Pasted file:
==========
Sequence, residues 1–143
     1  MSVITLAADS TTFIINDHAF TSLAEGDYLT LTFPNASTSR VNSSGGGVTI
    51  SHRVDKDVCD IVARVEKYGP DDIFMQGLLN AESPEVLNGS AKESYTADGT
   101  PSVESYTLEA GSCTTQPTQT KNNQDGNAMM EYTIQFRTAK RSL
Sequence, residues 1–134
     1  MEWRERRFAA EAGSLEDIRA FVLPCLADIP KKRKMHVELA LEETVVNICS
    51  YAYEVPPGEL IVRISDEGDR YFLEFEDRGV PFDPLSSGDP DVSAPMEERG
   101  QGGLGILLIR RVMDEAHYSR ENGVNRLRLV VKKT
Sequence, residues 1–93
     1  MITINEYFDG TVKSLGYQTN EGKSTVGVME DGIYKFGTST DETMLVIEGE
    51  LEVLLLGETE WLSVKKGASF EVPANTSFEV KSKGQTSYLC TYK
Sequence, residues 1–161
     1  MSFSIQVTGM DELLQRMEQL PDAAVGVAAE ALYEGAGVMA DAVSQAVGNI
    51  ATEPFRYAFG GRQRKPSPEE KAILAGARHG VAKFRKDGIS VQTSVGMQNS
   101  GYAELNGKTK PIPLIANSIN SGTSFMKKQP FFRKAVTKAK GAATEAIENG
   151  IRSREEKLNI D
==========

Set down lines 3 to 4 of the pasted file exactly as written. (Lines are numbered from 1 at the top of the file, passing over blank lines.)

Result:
    51  SHRVDKDVCD IVARVEKYGP DDIFMQGLLN AESPEVLNGS AKESYTADGT
   101  PSVESYTLEA GSCTTQPTQT KNNQDGNAMM EYTIQFRTAK RSL